As mentioned before, while in playback mode, the app becomes a full-screen cassette deck, with one reel winding into the next. Touch the bottom of the tape and a few buttons will appear, including those that let you skip forward or backward to the next or previous songs (where was this feature back in the day?), pause, flip the tape to its other side and one that will take you to the main menu. Pressing some of the buttons for these functions will create a plastic-on-plastic noise or clicks reminiscent of using a boom box and adding to the retro vibe.

A look at the "case" of your cassette mix.

A look at the “case” of your cassette mix.

As a tape plays, its transition from song to song is padded by a little bit of air, but that’s the only awkward change between tracks. Unlike real cassettes, you won’t have to wait for any unfilled time on a side to run out before you can listen to your next jam. The mixtape also plays continuously until you make it stop.

As songs play, the title will scroll across the label as the left spool winds into the one on the right.

As songs play, the title will scroll across the label as the left spool winds into the one on the right.

What Doesn’t Stick on Tape

Say you update your phone’s music library. How will this alter your playlists? Unlike a cassette where a song is stored until it’s recorded over, taking a song out of your library will remove it from your playlist, marking its title in red. Mixtapes won’t play if even one song is missing. In order to fix this, you’ll have to delete the red songs and should you choose to, can add more available songs from your library to fill in the gaps. Otherwise, you can just have a smaller playlist for a particular mix.

Edit your mixtapes using the drag-and-drop feature, but remember time constraints still apply.

Edit your mixtapes using the drag-and-drop feature, but remember time constraints still apply.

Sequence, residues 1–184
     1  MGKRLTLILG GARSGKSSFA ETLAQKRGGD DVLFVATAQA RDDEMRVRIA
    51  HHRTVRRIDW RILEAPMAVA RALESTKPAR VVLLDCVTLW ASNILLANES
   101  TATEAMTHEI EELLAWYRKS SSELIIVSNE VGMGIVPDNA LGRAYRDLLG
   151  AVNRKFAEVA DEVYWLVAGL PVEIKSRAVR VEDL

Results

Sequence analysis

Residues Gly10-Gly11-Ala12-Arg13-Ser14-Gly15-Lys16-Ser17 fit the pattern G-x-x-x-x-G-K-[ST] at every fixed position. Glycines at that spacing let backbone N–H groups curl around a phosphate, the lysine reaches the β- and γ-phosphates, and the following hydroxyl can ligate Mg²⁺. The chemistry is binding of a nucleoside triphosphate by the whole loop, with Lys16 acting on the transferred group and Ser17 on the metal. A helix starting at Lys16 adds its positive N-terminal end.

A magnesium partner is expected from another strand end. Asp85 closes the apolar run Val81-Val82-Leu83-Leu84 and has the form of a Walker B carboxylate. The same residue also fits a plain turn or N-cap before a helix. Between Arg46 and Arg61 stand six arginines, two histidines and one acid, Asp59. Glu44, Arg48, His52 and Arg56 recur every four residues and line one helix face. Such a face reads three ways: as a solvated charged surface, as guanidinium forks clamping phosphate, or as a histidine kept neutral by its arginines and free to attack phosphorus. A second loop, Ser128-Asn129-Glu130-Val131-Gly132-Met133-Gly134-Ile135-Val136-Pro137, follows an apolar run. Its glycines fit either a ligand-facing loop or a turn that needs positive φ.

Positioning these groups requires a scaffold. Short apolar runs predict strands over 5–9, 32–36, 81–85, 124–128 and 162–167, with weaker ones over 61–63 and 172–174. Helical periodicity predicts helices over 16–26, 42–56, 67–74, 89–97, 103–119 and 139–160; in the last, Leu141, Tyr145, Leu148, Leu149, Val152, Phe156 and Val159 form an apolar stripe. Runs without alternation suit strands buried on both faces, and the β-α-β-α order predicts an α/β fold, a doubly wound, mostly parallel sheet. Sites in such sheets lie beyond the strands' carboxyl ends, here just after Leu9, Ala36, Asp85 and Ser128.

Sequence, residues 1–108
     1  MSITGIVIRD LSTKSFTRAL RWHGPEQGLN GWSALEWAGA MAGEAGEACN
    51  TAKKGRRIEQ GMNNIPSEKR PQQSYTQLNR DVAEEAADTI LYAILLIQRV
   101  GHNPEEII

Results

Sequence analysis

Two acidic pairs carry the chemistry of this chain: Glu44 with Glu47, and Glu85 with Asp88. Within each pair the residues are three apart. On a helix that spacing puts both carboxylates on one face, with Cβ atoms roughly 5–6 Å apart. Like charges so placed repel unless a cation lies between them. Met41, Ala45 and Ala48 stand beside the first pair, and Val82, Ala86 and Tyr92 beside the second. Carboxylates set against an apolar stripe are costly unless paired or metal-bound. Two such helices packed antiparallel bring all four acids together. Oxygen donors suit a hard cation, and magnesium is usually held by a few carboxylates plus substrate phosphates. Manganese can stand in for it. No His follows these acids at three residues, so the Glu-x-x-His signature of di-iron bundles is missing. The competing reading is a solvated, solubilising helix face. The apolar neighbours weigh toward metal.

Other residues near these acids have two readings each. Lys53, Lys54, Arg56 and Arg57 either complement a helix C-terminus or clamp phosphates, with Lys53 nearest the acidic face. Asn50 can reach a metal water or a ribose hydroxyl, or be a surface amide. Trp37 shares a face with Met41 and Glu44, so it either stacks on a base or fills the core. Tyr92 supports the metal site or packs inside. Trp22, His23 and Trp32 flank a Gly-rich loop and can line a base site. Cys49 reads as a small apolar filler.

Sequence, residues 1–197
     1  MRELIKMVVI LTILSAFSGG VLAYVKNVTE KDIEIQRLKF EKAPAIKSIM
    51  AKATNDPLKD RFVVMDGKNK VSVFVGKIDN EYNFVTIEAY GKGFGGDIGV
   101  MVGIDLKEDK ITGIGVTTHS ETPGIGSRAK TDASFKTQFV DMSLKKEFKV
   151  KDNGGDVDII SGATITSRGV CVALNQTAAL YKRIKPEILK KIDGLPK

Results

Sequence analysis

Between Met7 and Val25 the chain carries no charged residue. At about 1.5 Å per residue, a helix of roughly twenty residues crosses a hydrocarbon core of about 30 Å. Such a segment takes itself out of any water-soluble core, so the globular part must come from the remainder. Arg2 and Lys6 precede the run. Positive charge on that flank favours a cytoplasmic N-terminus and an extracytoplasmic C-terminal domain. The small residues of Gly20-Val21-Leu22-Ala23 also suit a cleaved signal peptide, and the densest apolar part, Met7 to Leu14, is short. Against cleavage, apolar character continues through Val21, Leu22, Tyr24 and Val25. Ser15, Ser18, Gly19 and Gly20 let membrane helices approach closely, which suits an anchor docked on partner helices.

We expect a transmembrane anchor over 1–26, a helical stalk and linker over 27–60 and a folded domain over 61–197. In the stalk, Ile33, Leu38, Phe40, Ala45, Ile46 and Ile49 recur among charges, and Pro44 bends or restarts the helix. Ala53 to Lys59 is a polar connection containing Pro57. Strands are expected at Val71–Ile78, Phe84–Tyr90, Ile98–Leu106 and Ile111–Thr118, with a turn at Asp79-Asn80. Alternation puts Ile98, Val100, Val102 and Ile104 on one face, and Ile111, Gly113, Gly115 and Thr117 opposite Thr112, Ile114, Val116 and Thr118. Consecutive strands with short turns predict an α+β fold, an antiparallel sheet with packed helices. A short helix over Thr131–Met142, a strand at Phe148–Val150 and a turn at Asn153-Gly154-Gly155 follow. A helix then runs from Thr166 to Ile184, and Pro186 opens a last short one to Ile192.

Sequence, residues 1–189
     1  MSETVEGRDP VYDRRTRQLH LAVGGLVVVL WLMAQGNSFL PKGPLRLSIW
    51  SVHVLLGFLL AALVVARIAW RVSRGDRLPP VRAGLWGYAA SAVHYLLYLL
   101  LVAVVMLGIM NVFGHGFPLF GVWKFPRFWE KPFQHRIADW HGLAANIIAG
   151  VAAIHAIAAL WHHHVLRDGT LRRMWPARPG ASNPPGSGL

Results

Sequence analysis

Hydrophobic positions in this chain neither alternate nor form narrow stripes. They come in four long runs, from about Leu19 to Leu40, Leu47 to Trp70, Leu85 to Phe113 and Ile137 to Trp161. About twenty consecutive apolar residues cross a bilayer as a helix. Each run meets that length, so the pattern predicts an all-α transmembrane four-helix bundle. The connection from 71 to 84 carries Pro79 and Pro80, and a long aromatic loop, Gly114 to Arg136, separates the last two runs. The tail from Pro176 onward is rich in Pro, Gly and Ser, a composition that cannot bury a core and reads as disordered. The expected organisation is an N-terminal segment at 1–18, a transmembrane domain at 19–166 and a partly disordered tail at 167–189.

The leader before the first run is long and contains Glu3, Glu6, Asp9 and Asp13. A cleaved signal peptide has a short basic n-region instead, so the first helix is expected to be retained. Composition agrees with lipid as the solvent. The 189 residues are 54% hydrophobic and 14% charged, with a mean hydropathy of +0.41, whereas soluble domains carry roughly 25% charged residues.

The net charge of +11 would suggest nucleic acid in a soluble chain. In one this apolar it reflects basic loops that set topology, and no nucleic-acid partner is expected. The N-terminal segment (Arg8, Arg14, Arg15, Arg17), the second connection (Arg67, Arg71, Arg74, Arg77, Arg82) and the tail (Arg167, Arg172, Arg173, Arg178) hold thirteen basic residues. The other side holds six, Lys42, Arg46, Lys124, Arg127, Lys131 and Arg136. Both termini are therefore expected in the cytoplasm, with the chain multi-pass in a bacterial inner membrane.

A word of warning if most of the music on your iPhone was downloaded from iTunes: those songs will not play on MiTapes. Yes, those songs can still be included within the playlists that you create, but you will hear nothing but dead silence as your tape plays until the next non-iTunes track queues up. To fully utilize MiTapes, songs will have to be re-imported as MP3s, or you can rely on your selection of songs that are CD rips, or were purchased from Amazon and other download sites.

If you delete songs from your iPhone, they'll disappear from your tapes and will be marked in red.

If you delete songs from your iPhone, they’ll disappear from your tapes and will be marked in red.

Press Play?

MiTapes is a fun throwback in that it will take those familiar with tape-to-tape dubbing back to their younger days and the archaic methods we once used to share music and make playlists. What might hinder users is not being able to use iTunes-downloaded content within the app, as well as the time limitations on the playlists and not being able to share your creations with friends. Creating a list of songs to play is very simple on the iPhone’s version of iTunes and comes standard with the device, so it might be a harder sell to get folks to cough up the asking price. But with the iPod and other iOS devices doing so much to change the way we listened to music, this might be one of the few apps that takes listeners to a time when their listening habits were more distinctive.


Summary

Relive the days of tape-to-tape dubbing with this playlist creator.